Recovering the Missing Middle: Place Effects and Within-Group Inequality
Tom VanHeuvelen, Indiana University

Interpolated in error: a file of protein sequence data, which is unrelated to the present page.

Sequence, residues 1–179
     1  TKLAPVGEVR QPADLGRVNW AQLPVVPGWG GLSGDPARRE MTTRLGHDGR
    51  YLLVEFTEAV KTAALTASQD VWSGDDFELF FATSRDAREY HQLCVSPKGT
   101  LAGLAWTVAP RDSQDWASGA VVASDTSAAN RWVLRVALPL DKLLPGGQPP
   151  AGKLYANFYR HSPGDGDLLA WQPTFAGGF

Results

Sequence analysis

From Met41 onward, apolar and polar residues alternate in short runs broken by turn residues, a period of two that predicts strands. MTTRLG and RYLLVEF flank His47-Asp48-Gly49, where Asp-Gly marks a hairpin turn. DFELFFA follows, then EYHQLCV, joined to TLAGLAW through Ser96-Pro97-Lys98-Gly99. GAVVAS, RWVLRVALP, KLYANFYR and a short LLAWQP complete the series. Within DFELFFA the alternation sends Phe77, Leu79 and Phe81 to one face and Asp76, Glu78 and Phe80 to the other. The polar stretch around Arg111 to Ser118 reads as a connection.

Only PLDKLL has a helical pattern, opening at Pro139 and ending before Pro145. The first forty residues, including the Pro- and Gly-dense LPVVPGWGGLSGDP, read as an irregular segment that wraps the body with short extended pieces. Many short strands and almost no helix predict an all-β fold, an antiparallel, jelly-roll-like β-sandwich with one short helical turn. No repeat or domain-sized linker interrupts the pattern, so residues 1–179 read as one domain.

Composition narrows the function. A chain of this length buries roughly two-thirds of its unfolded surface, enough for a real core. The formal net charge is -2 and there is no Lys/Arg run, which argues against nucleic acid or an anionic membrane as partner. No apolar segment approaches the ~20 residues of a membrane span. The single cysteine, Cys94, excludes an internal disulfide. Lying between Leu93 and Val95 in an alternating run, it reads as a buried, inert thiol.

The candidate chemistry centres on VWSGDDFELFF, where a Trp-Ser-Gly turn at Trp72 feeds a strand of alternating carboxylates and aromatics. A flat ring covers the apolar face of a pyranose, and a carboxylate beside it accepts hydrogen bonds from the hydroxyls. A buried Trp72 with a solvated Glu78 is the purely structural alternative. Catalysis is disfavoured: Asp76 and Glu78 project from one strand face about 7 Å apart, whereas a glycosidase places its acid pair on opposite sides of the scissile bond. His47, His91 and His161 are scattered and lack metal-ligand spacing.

American wage and income inequality has grown rapidly since the 1970s. Of central importance has been within-group inequality: inequality occurring among individuals otherwise similar on observed characteristics. This research examines within-group inequality in relation to economic and political characteristics of local labor markets, or “place effects.” A dataset is constructed locating the within portion of wages and income from 9 waves of public use microdata series from the US Census in 722 temporally stable geographical units, commuting zones, covering the entire contiguous United States. Results from heteroscedastic and multilevel repeated measures regression models on male and female wages and household income reveal the primary importance of economic development and secondary importance of politics to within-group inequality. Results reveal a “volatility curve:” within-group inequality initially declines, and then increases, with economic development. Other factors have important cross-sectional and longitudinal effects, including deindustrialization, union decline, educational change, party competition, and social spending.